Disabled children’s charity faces axe

Kindred 3

Support charity needs £40,000 before the end of the month 

13th September 2017 by Robert Armour 0 Comments

An Edinburgh charity faces closure despite transforming the lives of disabled children for over 25 years.

Led by parents, Kindred delivers support for families of severely ill children in Scotland, providing help, support and advocacy.

Over the last six months the charity suffered “unexpected cuts” in external grant funding and as a result is facing a funding deficit of up to £80,000.

Failure to find £40,000 by the end of this month could result in its closure. 

The charity is currently in talks with City of Edinburgh Council and the Scottish Government for the rest of the funding required.

An urgent public appeal has been launched on JustGiving to raise cash to secure its future.

Two-thirds of its staff team at the Royal Hospital for Sick Children in Edinburgh face redundancy.   

Sophie Pilgrim, director of Kindred, said: “I am hopeful we can raise the funds needed to keep Kindred’s valuable service going. As a parent myself I have experienced some very difficult times.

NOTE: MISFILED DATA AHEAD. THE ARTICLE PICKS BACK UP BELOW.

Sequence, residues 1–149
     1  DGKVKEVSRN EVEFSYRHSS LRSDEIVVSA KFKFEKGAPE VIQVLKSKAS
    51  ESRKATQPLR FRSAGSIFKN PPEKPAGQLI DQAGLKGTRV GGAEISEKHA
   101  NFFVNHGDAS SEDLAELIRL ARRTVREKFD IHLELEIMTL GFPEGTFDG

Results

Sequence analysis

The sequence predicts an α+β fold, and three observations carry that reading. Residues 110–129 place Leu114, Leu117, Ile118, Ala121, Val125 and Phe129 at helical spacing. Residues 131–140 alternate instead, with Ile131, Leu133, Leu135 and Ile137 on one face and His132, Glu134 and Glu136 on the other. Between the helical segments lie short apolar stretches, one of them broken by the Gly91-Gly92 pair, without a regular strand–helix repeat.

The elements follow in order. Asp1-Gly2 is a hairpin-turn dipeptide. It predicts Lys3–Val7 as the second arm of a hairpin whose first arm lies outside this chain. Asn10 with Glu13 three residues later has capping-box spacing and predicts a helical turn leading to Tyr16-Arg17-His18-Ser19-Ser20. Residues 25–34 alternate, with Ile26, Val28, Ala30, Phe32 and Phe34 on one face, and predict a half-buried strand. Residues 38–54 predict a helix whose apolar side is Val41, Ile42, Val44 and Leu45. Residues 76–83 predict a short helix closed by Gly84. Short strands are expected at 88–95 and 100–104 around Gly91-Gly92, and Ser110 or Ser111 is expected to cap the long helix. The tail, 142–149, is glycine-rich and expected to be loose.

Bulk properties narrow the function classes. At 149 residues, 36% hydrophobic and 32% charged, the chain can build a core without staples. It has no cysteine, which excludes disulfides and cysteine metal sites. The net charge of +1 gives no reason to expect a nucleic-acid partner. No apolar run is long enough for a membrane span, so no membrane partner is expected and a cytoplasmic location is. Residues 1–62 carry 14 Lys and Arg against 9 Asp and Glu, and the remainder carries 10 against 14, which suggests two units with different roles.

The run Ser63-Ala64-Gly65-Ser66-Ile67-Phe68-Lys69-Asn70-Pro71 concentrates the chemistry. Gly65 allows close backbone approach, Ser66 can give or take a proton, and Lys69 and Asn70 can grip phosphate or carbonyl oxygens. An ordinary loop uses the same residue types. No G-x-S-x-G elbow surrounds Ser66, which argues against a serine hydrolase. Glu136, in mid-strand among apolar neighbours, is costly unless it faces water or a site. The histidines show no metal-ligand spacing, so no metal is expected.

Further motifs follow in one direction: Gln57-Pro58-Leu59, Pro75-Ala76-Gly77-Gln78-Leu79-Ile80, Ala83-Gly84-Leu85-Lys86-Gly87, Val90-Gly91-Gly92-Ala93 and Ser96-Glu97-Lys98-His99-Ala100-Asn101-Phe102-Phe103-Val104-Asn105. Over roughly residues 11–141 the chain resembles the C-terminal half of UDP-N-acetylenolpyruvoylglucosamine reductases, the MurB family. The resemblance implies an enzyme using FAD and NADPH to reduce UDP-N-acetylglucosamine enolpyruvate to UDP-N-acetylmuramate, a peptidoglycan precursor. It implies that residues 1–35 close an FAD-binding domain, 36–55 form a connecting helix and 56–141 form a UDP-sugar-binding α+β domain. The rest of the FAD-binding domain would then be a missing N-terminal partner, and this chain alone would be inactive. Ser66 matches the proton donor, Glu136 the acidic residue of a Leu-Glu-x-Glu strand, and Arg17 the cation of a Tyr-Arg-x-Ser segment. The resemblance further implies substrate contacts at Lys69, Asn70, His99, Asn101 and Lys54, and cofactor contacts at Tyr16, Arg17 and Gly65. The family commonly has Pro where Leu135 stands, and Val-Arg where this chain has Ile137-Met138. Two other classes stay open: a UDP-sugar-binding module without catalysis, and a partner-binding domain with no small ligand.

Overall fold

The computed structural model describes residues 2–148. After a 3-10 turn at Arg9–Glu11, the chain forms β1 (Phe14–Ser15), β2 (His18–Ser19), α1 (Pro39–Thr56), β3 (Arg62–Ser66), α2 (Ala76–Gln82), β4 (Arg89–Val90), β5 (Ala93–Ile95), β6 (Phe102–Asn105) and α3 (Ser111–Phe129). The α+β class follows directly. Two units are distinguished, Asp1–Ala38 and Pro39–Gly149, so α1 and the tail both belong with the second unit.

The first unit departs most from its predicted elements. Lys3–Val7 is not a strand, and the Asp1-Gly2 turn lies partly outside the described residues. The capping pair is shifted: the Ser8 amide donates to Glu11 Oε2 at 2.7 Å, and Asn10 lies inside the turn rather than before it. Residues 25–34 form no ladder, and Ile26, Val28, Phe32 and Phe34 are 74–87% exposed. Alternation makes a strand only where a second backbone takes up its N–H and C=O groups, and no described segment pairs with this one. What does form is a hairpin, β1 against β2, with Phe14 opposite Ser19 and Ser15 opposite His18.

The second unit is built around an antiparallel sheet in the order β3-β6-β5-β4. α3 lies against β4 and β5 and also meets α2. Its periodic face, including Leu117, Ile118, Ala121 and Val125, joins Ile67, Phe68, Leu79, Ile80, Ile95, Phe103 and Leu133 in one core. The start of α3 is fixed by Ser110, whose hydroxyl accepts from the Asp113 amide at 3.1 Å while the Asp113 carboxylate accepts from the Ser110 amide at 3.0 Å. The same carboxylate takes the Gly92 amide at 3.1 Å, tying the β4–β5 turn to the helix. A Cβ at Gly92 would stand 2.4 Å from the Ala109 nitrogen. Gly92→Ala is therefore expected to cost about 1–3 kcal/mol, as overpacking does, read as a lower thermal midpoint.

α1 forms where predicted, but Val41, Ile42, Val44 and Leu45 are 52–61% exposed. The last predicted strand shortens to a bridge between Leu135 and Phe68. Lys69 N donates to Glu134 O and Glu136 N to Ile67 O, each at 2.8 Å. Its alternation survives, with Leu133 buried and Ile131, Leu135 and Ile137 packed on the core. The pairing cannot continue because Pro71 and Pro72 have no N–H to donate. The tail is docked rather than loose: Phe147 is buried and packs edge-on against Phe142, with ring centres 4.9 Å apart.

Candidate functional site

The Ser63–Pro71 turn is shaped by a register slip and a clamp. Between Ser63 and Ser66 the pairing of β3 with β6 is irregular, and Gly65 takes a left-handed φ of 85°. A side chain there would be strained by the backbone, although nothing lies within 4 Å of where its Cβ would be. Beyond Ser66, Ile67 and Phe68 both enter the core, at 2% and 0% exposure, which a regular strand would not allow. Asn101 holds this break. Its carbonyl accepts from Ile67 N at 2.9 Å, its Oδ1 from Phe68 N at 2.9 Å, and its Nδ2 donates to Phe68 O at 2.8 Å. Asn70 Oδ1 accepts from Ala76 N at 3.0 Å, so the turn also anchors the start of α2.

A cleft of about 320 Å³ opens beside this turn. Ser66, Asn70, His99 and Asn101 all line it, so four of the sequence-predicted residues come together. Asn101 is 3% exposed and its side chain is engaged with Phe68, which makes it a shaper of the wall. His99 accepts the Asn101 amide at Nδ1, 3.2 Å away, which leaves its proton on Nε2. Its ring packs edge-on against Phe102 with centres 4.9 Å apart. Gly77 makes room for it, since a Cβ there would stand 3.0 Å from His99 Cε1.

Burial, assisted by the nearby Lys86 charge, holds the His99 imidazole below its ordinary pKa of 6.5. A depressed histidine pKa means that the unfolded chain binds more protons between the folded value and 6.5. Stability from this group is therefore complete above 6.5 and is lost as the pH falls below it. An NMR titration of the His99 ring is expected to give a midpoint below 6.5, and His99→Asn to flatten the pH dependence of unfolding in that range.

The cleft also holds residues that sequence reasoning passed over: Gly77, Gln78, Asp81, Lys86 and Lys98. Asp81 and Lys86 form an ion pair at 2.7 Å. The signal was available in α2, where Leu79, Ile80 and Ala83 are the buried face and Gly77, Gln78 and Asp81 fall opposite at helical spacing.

“My role as director of Kindred is a great privilege and I know from my own experience how much parents need our service. 

“We have an amazing team and I hope that we will be able to continue to make life better for other families.”

Christine Wright, whose 10-year-old son was mown down by a stolen motorbike on Ferry Road in Edinburgh just last month, said she couldn’t have coped if it wasn’t for Kindred’s emotional and practical support. 

She said: “Kindred has been amazing at one of the worst times of my life. When my son Cameron was admitted to the high dependency unit at RHSC following a motorbike hit and run incident, our family were traumatically plunged into a living nightmare of shock, fear and anger coupled with a high level of media and police involvement.

“It came along just as I was ready to crack. I was tired, scared and worn out. The staff let me talk and cry but most importantly, they listened.

“We really couldn’t have coped without the charity’s emotional and practical support.”

Crime writer Ian Rankin, whose son was helped by Kindred, lent his support to the campaign.  

"Kindred is a charity that's been close to my heart ever since my son was born with special needs - over 20 years ago,” he said.

“I know first-hand the difference Kindred makes to families. With your help, they will continue to flourish and to offer support to those who need it."

City of Edinburgh Council has been contacted for a response.

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